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Posted September 4, 2019 in Red Oxx Overlanding by Jim Markel
Overlanding is becoming a big deal these days, a genuine new travel trend. Red Oxx caught up with the guru of overlanding Scott Brady, CEO of Overland International and Chairman and Publisher for the recreation’s leading publication “Overland Journal,” to ask him why it’s growing so quickly. Red Oxx and Scott go way back, with Scott having toured seven continents with our bags, including Antarctica. During the interview we learned why travel matters and how it improves our lives.
Brady spoke with long-time Red Oxx enthusiast and business advisor Patrick Pitman of E-business Coach, Inc. Patrick talked with Scott from his offices in Austin, Texas, where he runs an ecommerce and training consultancy. A frequent traveler, Patrick helps testing prototype bags for Red Oxx. But his growing interest in overlanding might bring him to swap his messenger bag for an expedition duffel.
Patrick caught up with the ever-exploring Scott during the dog days of summer and paused to drop a few questions about the growing industry. First on his mind was what defines “overlanding“?
Is it the equipment, fielding rare, expensive and highly modified 4×4 trucks roaming the land, bouncing over old trails, and carving new ones?
Or is it more like a Safari, where perhaps there’s a goal in mind, a much-sought image of a pride of lions or a rare rhinoceros?
Or perhaps Overlanding is more like hard-core off-road four-wheeling? Crawling over rocks or bogging through mud.
Or maybe it’s the opportunity to go camping somewhere distant, yet accessible with a tough truck or motorcycle. Turns out, it’s kind-of a mixture of these outdoor vehicular passions.
Scott at the South Pole.
Scott Brady: “This is a subject that I love. I think overland travel, if I can define it, is vehicle-based adventure travel. It doesn’t need to include 4×4 off-roading, nor camping. Overlanding means you’re getting in a vehicle or getting on a motorcycle and you’re off exploring some new locations, some new country, some new state that you haven’t been to before.”
“From my perspective, I think that’s the beauty of it and I think that’s why not only overlanding but van-life and other similar outdoor vehicle categories have have done so well in recent years. People are looking for an opportunity to escape, for an opportunity to have a genuine experience because we’re inundated all day long with these digital or electronic interfaces.”
“The opportunity to get out in nature is very clarifying. And it’s just really fun and enjoyable.”
Another common thread in discussing overlanding is visiting foreign countries. What is the main difference, say comparing overlanding to airplane travel? And is there a common theme, despite the access difference?
Scott: “Yeah, airplane travel is enjoyable in its own way. What I enjoy most about overlanding is is the concept of seeing everything between point A and point z, not just the high-point tourist destinations or the top 10 lists, but you’re going to see everything in between with the stuff you didn’t expect. That is an amazing experience.”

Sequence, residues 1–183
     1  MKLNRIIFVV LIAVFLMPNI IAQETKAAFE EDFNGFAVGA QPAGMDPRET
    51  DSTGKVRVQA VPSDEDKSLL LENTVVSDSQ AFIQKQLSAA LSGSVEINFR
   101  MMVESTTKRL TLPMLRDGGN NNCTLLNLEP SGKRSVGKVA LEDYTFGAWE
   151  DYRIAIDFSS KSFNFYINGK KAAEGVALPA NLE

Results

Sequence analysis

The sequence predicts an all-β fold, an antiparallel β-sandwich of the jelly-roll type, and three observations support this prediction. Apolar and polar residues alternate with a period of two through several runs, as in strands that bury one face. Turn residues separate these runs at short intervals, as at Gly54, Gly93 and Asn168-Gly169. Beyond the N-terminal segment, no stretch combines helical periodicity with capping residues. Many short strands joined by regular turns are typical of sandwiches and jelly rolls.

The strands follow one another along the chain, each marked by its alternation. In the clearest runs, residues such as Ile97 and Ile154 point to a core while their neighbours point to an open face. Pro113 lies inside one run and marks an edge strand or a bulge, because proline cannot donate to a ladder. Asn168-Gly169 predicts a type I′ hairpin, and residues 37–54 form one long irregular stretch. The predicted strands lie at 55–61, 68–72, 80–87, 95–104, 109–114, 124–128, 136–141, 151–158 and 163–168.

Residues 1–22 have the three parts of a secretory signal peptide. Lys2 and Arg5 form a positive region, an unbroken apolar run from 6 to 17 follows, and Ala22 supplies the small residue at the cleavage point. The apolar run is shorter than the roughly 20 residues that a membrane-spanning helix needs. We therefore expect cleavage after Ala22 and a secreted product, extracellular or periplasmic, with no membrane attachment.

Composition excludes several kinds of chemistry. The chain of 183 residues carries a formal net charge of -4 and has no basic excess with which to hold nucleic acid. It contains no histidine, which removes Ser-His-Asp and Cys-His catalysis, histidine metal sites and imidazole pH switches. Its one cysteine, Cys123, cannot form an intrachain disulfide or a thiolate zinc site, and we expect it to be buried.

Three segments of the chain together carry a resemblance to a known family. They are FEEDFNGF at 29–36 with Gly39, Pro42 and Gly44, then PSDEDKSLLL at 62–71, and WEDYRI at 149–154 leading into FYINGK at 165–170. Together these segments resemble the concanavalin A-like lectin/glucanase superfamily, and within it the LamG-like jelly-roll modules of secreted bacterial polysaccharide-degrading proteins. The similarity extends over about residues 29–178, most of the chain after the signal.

“The Journey is the stuff that’s maybe a little grungy or a little less curated than you would see if you came in on an airplane. As a tourist and as a traveler, I want to see it all. I want to see the entire breadth of experience that you can have in a new country. And then you also have this very cool experience of crossing borders. That’s something we so rarely do when people travel to Europe. Now there’s open borders, and it’s very easy to move from country to country there.”
“But in a lot of places of the world, when you’re traveling overland, you have to roll up to a border, break out your passport, and all your documentation for your vehicle. You have to check out of one country and check into another. To me, that’s a thrilling process. It’s the haphazardness that adds a lot of the fun for me.”
Naturally, once the parameters of what defines the concept of overlanding were set, Patrick was curious as to its history. What was Scott’s first exposure to overlanding? How did this involving and roving lifestyle come to be born?
Scott: “I was in the Air Force just after high school. They decided to send me to Italy to serve during the Bosnian conflict (1992-95 – Ed). When I got off that plane and started to experience that country, I recognized how much I wanted to see the rest of the world. I recognized how much I enjoy being in a foreign place, and hearing a foreign language and having to overcome the challenges that come with being totally unfamiliar with a place. It was that first experience stationed in Italy for almost six months, that really exposed how much I wanted to do that in the future.”
“It took me quite some time to to actually make everything come full circle. After I left the military I got a business degree and went into manufacturing. And then I went into higher education, software development. Ultimately I did well enough with that, but I wanted to come back to my passion and start a business. All-around overland travel.”
Since Scott is the publisher of the Overland Journal Magazine, a print magazine loaded with phenomenal landscape images, he’s also described as a devoted photographer. Patrick wonder’s, “Is photography something that you have made a name for yourself as being really committed to, or is it just sort of a way to document your adventures?”
Scott: “Photography is a personal passion. And it’s it’s my art, my personality type. I’m very much a creative person and as an entrepreneur, I love the opportunity to be able to capture a moment in as beautiful or engaging a way possible. It’s the one thing I’ve never given up through all the years, even as the growth of my business has grown considerably in size and scope.”
“I still want to travel and photograph those experiences, because it’s part of the richness that comes from my job.”